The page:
Patent or Trade Secret?
The standard rule is, if an invention can be reverse-engineered, it should be protected with a patent; if it can’t be reverse engineered, then it can be kept as a trade secret. The advantage to a trade-secret is that it is free (only requiring some due diligence in maintaining confidentiality) and protection theoretically lasts forever, or as long as the confidentiality is maintained. Patent applications, on the other hand, are published for the world to see after 18 months. But how can you enjoy trade-secret protection, while having patent protection on the same invention as a backup?
The answer is that a patent application can be filed with the Patent Office for the invention that is to be the subject of the trade-secret, and if it is then withdrawn before its publication date at 18 months from filing (16 months in Canada or before preparations for publication have begun), then it will never be published and disclosed to the public. Once the first application is withdrawn, similar matter can be re-filed, only to be withdrawn again 18 months later. To avoid the costs of a regular US filing, a US provisional application can be filed and withdrawn before 12 months when it expires. If the secret ever gets out, and patent protection is needed, the patent can simply proceed to examination as filed. Of course, the caveat is if there is evidence that the invention was publicly disclosed such that it could be reverse engineered, it may be challenged on the basis of prior disclosure to the public if it one day proceeds to grant.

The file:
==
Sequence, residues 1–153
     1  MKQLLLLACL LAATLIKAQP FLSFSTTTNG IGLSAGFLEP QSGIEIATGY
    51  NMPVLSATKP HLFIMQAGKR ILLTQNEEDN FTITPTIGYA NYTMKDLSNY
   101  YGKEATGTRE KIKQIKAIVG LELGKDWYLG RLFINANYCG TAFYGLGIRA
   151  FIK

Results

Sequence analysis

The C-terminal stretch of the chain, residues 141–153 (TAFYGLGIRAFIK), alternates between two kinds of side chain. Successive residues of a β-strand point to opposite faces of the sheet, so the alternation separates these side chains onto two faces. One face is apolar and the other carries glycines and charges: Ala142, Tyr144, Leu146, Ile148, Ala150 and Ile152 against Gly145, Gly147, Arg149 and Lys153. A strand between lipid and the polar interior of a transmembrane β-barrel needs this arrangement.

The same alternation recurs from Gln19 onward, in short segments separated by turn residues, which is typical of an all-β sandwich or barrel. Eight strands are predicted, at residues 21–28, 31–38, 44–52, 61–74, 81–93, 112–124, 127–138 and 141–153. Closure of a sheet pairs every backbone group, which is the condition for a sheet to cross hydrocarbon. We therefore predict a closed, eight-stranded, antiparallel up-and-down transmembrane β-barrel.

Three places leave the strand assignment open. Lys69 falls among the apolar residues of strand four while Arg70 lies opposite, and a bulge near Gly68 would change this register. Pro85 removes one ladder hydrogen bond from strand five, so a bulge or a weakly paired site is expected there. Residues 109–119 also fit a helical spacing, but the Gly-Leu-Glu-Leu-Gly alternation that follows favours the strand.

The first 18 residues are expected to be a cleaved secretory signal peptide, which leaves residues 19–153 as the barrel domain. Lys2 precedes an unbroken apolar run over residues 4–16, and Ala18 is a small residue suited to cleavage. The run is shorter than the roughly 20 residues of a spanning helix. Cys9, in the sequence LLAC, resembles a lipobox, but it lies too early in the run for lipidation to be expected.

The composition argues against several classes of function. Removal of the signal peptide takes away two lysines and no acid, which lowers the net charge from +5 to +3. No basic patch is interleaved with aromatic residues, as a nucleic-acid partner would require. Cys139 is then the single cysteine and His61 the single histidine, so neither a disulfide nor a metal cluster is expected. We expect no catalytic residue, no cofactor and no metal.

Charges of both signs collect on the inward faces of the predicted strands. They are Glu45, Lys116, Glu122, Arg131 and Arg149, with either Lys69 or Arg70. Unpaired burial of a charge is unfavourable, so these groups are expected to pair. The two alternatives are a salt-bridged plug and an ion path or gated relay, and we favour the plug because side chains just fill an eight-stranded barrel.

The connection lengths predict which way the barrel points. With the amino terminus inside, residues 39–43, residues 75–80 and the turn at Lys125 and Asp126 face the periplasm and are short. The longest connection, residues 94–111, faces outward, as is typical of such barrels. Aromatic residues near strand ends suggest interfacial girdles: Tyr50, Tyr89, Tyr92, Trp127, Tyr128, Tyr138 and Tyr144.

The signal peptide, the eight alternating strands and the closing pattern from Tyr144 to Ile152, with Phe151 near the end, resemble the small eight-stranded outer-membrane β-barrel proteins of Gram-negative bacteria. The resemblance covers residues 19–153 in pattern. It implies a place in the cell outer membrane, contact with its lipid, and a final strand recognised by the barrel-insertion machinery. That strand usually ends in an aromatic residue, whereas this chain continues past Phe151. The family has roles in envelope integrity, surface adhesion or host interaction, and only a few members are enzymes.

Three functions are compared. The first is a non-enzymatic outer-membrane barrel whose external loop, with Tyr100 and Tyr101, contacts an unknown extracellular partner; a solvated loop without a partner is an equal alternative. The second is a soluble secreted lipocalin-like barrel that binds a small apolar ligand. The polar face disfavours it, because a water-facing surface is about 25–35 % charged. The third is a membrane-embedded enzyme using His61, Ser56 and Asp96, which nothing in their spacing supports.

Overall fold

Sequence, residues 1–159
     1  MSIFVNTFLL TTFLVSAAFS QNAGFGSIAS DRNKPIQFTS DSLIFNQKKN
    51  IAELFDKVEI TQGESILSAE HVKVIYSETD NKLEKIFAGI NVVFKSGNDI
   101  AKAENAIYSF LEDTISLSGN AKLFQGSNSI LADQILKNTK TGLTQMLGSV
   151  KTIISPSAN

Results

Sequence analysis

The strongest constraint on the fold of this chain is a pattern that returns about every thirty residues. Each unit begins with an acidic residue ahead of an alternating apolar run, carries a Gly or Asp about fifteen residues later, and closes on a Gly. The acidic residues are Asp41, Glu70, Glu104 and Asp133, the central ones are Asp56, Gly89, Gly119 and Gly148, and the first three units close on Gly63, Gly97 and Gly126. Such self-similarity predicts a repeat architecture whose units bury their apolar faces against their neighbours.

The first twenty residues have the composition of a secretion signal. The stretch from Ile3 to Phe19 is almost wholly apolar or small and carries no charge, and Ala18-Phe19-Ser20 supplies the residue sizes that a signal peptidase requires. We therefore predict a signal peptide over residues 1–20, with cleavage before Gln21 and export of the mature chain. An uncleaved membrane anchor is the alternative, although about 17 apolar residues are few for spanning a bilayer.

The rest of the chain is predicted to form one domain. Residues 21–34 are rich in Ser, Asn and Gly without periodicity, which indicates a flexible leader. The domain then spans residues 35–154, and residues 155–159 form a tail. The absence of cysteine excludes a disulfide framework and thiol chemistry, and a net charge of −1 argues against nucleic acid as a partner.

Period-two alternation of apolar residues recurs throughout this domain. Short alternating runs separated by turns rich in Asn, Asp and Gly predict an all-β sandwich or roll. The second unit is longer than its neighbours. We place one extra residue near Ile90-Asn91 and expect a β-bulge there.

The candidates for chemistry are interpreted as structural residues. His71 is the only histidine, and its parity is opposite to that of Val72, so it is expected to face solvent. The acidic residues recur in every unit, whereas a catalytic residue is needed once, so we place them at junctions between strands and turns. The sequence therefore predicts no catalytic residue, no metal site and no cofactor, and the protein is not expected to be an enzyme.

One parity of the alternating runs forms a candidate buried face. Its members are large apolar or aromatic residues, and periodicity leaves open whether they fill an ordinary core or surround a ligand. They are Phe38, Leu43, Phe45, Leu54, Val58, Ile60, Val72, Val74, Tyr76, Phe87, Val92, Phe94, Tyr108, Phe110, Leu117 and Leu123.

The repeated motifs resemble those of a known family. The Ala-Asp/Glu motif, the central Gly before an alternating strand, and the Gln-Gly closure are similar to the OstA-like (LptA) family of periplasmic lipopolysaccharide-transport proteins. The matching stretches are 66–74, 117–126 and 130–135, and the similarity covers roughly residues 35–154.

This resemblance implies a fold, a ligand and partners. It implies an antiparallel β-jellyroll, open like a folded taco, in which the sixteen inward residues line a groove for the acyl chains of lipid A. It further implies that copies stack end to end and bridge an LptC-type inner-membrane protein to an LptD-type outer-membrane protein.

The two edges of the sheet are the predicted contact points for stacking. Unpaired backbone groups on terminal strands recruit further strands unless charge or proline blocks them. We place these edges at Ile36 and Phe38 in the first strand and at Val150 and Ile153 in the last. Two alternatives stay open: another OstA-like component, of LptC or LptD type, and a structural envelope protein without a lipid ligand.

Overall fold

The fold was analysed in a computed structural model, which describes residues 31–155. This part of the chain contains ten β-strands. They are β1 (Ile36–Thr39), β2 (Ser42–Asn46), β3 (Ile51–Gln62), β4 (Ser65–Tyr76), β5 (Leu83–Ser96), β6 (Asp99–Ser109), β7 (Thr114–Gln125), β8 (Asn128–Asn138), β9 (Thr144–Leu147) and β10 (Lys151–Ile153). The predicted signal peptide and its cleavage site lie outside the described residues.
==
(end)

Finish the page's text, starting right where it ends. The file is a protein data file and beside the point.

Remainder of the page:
In addition to the “patent insurance” you have now received for your trade-secret, for the entire time that a patent application is filed you can enjoy the benefit of “patent pending” on your marketing literature.